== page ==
If Friday’s early stock action is any indicator, more tech-sector upside is possible on the shoulders of Amazon.com (AMZN), Microsoft (MSFT), and Google (GOOG, GOOGL) as these stocks gained despite mixed earnings reports.
The NASDAQ Composite (COMP) closed up a slim 0.4% Thursday, but that was enough to hand the index its highest ever finish at 5,056.06 (figure 1). The move squeezed the tech-studded composite past a 15-year, dot-com-era closing high reached on March 10, 2000. Analysts are well aware of the comparisons, with many saying stock valuations may be high, sure, but pale next to those seen 15 years ago.
The S&P 500 (SPX), which now has back-to-back closes above the closely watched 2100, and the Dow Jones Industrial Average (DJIA) point up, too. Clearly, Friday may be all about tech in the lead-up to Apple’s (AAPL) earnings release on Monday. Oh, and don’t forget the coffee. Starbucks (SBUX) is an early gainer after java joint reported an 18% jump in quarterly revenue and gains in worldwide traffic.
New Lifestage for Google? A globe-circling Google (GOOG, GOOGL) admitted that the strong dollar and lower ad prices hurt its bottom line. Its stockholders shrugged. Revenue was up 12% to $17.3 billion from $15.4 billion a year earlier through all those headwinds. And expense control kicked in, it said. As the Wall Street Journal reports: Smartphones have been a mixed blessing for Google: more clicks on its ads, marketers pay less for them. The company has tried to reverse the latter trend by tying smartphone and personal-computer ad campaigns together. Will that be enough?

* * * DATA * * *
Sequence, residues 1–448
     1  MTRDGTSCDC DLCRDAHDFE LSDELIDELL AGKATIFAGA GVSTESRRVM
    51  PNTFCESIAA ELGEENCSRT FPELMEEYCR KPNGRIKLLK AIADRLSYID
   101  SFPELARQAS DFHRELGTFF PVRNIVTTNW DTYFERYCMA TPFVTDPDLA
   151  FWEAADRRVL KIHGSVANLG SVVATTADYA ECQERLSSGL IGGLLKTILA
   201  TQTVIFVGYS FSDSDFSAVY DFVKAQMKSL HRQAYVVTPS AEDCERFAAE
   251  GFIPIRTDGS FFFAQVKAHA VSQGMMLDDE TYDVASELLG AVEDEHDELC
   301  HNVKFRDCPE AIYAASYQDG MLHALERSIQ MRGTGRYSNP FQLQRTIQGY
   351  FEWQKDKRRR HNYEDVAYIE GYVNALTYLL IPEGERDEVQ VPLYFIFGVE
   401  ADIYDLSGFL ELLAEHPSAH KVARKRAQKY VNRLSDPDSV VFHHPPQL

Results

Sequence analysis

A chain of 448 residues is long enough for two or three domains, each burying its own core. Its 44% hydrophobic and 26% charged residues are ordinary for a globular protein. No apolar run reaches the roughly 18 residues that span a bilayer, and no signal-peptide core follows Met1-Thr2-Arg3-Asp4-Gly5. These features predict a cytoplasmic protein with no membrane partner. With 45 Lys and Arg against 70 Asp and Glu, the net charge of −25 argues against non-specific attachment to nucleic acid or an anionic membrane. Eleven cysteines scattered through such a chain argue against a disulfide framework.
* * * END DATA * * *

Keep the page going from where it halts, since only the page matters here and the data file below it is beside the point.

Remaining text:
Amazon: Less Fog on the Cloud. Amazon (AMZN) had no shortage of potential lead stories stacked up in its earnings report. Take your pick, I guess, depending on how you feel about this stock. First, AMZN swung to a quarterly loss—that, even as it could boast a jump in sales. But it may have been the bigger-picture stuff that really mattered. The online retailer finally unveiled details about its cloud-computing business. AMZN said this arm, known as AWS, is slightly profitable. That fueled Street analyst speculation that the company may be considering spinning out the cloud business as a separate company, similar to what eBay (EBAY) is doing with its faster growing PayPal payments business.
Dollar Bugged Microsoft, Too. The software giant beat the Street’s fiscal Q3 profit and sales expectations. For the quarter ended March 31, earnings fell to $6.59 billion, or $0.61 a share, from $6.97 billion, or $0.68 a share, in the same period a year ago, beating the FactSet consensus of 51 cents a share. Revenue rose to $21.73 billion from $20.4 billion, with commercial revenue increasing 5% to $12.8 billion, above the FactSet consensus estimates of $21.1 billion and $12.42 billion, respectively. Extended-hours traded found relief in the figures, even as MSFT said a strong dollar shaved revenue growth by 3 percentage points.